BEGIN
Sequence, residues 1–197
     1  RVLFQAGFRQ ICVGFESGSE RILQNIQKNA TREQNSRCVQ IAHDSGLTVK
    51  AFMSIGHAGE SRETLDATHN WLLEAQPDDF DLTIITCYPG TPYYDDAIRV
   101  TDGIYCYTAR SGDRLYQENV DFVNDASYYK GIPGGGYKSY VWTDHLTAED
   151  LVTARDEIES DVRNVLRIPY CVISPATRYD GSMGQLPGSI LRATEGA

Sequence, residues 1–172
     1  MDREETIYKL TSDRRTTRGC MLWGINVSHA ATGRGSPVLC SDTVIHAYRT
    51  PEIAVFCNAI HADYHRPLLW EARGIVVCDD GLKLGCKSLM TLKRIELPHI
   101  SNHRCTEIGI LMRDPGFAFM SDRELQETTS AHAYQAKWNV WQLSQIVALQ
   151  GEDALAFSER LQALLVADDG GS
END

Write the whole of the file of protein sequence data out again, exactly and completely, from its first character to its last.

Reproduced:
Sequence, residues 1–197
     1  RVLFQAGFRQ ICVGFESGSE RILQNIQKNA TREQNSRCVQ IAHDSGLTVK
    51  AFMSIGHAGE SRETLDATHN WLLEAQPDDF DLTIITCYPG TPYYDDAIRV
   101  TDGIYCYTAR SGDRLYQENV DFVNDASYYK GIPGGGYKSY VWTDHLTAED
   151  LVTARDEIES DVRNVLRIPY CVISPATRYD GSMGQLPGSI LRATEGA

Sequence, residues 1–172
     1  MDREETIYKL TSDRRTTRGC MLWGINVSHA ATGRGSPVLC SDTVIHAYRT
    51  PEIAVFCNAI HADYHRPLLW EARGIVVCDD GLKLGCKSLM TLKRIELPHI
   101  SNHRCTEIGI LMRDPGFAFM SDRELQETTS AHAYQAKWNV WQLSQIVALQ
   151  GEDALAFSER LQALLVADDG GS